First a story, then the reality.
I had a similar experience on a Delta flight from JFK
. To start off, there was bad weather all over the midwest, and the captain came on and told us the flight time was going to be 7 hours and 40 minutes. Normal flight time to SFO
is 5:30. The extra two hours was due to the fact that he was planning to fly around the weather over Canada and then down over northern Montana and sw into SFO
. Due to the extra flight time, they had boarded additional beverages and snacks, but the same meal service was planned for the flight.
We pushed back on time and we were pulled out for startup. We started up both engines and then we taxied out to the inner taxiway parallel to 31L and stopped. Not only did we stop, the captain shut down the engines, at which point he told us all departures to the west have been stopped indefinitely due to weather between Cleveland and Chicago. You can imagine the backup that caused. We sat in that position for one hour. During that time, nothing happened. We just sat. After an hour, the captain came on and told us that the weather had cleared for departures to the west, but we were continuing on our flight plan over Canada, due to the fact that the storms over the midwest were causing signficant turbulence all the way up to FL430. There was no way we could fly through it...so we had to go around it.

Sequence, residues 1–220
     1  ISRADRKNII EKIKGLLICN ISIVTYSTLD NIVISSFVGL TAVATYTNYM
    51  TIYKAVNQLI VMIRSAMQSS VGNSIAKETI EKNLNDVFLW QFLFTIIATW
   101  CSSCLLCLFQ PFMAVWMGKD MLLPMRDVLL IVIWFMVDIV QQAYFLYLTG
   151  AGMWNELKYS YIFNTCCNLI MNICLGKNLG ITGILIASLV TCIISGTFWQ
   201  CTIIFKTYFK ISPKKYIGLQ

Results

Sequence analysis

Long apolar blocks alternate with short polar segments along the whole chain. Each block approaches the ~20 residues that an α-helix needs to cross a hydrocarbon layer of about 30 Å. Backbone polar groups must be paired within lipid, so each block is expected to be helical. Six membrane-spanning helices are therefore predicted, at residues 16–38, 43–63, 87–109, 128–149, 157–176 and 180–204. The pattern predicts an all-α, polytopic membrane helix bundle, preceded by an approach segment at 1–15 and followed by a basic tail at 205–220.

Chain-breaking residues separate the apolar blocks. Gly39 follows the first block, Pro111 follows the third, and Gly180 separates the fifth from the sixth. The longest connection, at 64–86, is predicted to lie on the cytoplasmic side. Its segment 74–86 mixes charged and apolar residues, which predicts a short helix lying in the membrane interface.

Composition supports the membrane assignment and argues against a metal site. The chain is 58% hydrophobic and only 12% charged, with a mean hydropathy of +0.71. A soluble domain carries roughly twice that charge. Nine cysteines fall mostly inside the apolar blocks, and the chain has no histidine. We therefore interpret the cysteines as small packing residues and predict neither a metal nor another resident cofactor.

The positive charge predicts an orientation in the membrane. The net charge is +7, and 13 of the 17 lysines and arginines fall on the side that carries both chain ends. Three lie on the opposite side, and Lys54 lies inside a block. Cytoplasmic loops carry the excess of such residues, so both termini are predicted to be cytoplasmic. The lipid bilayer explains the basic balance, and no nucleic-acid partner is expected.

However, there was a new problem. There was only one runway available for departures, 4L. Due to the hour wait, a significant back up of aircraft had occured. We were 78th in line to take off. The captain estimated another two hours before we could get airborne. So we started one engine and began to taxi. We moved onto the parallel taxiway and stopped once again. After 10 minutes of waiting, the captain shut down again. We sat for about 30 minutes, again with nothing happening. After 1:30, the captain started up again and started moving, very slowly, we taxied for about 30 minutes. During the taxi, the f/a's passed headsets around and started a movie in the cabin, considering the fact that the captain said it would be up to two hours before we could depart, they decided to show a movie to keep people occupied and in their seats.
After another 30 minutes of taxiing, the captain pulled to the side and stopped and shut down a third time. Evidently, there were passengers who now needed to use the restrooms and the f/a's were getting quite a number of distress calls from the passengers. We parked for about 30 minutes while everyone who needed a restroom used one. Once everyone was seated, he started up again, and we started taxiing again. Now, we were on the parallel runway for 4L with about 20 aircraft in front of us, and we could see the end of the runway. We crossed 31L and taxied for another 30 minutes before we got to the hold point for 4L. En total, we were on the ground for 3:50 before we reached the hold point. Once we were there, we held for about five minutes, then taxied into position and took off right away and started heading north east toward Boston before we made the turn northwest headed toward Toronto.
During the entire 3 hours and 50 minutes we were on the ground, Delta served water only upon request. They did not make any effort what so ever to do a beverage service, or pass around any snacks. This would make an average passenger quite angry. However, I always pack a liter of water and 3-4 snack bars in my carry on just in case of emergencies, so I was set for a few hours if necessary and in this case, I needed them...so I was not bothered.
However, as an airline manager, I understood why Delta did not do a beverage service, nor feed people on the ground even during the long delay and taxi. Here's why: